WHO Technical Guidelines in Emergencies

This website resource contains links to helpful information on emergency situation needs assessment and effective response mobilization. Resources include myths and realities, natural disaster profiles, and standards health kit descriptions.

(Source: World Health Organization Humanitarian Health Action)

 

The Interagency Emergency Health Kit 2011

UN agencies and international and nongovernmental organizations are increasingly called upon to respond to large‐scale emergencies to prevent and manage serious threats to the survival and health of affected populations. Medicines and medical devices (renewable and equipment) have been supplied by relief agencies for decades. In the 1980s, the World Health Organization facilitated a process to encourage the standardization of medicines and medical devices needed in emergencies to allow for efficient and effective responses to the need for medicines and medical devices. This initial work led to the supply of standard, pre‐packed kits that could be kept in readiness to meet priority health needs in emergencies. The concept of the emergency health kit has been adopted by many organizations and national authorities as a reliable, standardized, affordable, and quickly available source of the essential medicines and medical devices (renewable and equipment) urgently needed in a disaster situation. Its content is based on the health needs of 10,000 people for a period of three months. This document provides background information on the composition and use of the emergency health kit. 

(Source: The World Health Organization)

 

6.4 Donations in Emergency Situations – Pharmaceuticals

6.4.1 Pharmaceuticals – Emergency Needs Assessment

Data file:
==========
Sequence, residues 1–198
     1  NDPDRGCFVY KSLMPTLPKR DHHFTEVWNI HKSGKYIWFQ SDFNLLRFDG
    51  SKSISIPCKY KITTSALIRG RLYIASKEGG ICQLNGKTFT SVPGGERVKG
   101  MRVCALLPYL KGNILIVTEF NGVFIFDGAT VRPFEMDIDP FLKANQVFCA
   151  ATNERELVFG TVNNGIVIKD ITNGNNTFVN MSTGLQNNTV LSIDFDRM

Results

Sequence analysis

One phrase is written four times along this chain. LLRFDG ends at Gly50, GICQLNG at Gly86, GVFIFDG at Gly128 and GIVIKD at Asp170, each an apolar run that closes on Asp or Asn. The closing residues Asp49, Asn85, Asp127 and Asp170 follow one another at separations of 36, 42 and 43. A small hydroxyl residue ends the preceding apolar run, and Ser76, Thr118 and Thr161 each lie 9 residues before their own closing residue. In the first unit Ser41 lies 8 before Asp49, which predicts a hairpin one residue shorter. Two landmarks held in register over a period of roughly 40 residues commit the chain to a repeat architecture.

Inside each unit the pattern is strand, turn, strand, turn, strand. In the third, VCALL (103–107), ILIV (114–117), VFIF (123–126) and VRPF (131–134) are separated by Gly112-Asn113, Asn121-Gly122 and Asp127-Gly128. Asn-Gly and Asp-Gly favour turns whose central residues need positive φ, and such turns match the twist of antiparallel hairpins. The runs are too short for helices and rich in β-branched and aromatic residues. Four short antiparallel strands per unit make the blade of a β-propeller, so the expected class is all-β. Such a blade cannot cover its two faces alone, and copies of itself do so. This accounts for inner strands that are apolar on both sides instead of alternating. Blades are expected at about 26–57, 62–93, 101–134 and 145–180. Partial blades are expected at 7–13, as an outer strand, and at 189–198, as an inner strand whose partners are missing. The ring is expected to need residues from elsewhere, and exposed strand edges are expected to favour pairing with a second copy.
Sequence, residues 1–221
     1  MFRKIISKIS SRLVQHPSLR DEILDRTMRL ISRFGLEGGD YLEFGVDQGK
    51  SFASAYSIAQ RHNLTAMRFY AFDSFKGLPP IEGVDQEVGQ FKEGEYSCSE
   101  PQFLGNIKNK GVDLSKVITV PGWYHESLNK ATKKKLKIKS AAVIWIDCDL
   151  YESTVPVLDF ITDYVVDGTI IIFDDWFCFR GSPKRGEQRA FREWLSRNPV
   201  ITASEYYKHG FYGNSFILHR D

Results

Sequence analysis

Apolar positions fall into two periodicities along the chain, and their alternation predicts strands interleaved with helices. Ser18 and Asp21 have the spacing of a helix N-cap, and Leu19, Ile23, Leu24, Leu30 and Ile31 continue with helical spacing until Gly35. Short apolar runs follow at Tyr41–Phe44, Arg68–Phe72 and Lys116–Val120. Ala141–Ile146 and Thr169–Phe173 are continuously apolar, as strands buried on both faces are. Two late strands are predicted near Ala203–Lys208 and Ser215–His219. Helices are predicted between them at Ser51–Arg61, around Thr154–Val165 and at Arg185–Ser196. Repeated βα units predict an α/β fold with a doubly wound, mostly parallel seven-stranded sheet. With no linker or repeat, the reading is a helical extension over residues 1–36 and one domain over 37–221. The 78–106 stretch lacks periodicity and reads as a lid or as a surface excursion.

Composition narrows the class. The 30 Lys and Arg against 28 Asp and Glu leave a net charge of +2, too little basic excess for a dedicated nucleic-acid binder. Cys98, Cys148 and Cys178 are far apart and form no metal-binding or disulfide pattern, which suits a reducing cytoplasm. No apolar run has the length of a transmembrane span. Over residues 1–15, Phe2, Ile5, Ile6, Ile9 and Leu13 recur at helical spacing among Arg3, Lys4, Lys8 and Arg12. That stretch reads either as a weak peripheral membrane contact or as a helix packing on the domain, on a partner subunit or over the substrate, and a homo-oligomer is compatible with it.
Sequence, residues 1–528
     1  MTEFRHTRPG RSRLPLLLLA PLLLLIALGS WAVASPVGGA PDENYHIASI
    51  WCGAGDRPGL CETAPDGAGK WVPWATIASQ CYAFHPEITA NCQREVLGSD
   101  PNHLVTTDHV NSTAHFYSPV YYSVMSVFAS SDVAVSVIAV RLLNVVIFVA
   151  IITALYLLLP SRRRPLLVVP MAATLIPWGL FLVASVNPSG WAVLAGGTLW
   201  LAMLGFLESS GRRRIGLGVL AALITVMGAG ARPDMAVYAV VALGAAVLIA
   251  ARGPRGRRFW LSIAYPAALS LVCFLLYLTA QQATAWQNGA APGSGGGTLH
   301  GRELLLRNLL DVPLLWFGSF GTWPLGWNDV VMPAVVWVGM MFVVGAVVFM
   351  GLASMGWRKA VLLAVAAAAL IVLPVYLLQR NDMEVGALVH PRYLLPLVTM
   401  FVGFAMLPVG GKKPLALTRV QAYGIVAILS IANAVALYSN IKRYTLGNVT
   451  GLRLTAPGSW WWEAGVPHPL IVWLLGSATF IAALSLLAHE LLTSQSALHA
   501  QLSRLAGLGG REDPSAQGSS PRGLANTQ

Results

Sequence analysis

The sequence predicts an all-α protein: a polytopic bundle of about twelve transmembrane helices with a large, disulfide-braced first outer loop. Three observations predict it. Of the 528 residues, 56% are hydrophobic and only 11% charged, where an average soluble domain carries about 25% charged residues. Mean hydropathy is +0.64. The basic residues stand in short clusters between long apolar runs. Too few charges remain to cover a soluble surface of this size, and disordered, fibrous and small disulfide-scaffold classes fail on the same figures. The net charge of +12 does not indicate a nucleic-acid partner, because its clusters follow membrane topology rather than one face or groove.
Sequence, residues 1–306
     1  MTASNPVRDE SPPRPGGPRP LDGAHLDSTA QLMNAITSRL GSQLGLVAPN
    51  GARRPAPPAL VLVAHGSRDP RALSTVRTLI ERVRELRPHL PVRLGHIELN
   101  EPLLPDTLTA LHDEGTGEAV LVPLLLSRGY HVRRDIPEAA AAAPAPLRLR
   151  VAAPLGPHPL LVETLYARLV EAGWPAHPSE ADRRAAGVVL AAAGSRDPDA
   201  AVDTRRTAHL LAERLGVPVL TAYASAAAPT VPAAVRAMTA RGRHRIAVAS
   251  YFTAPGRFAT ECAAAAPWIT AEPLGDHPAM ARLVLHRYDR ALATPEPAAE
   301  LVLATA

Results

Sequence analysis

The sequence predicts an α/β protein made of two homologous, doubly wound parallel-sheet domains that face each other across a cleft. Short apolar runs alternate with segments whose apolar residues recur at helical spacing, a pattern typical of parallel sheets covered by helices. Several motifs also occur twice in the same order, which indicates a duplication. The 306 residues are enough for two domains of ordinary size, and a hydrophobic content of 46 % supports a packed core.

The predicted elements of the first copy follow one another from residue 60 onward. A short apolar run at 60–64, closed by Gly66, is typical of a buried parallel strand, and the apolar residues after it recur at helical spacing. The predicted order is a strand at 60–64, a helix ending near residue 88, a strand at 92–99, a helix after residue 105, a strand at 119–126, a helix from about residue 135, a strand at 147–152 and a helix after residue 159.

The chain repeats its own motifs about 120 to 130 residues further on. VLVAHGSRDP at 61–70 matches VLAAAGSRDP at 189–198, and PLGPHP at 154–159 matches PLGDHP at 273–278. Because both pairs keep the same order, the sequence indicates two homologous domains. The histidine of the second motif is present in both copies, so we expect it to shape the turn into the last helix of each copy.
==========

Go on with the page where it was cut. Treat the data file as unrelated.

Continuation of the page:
During a disaster, pharmaceutical product donations should be held to the same quality standards as in non-disaster situations.  Products must be used prior to the expiry date. In addition to the general and specific product donations standards, the following factors should be considered when determining whether or not to donate during a disaster.

 

6.4.1.1 MSROs should document requests for short-dated pharmaceutical products including who is requesting the product, why it is requested, and how it will be transported and used prior to the expiration date. 

 

Guidance & Resources

 

Having established processes in place in the recipient country will speed up needs assessment and logistic operations during an emergency.  If the organization can’t do the assessment in the country or work with an existing trusted partner, then pharmaceutical donations should not be made.

 

Guidelines for Medicine Donations

This WHO resource provides a set of recommended guidelines for general medicine donation with specific areas focused on donations in emergency situations. The guidelines are intended to improve the quality of medicine donations in international development assistance and emergency aid.

(Source: World Health Organization)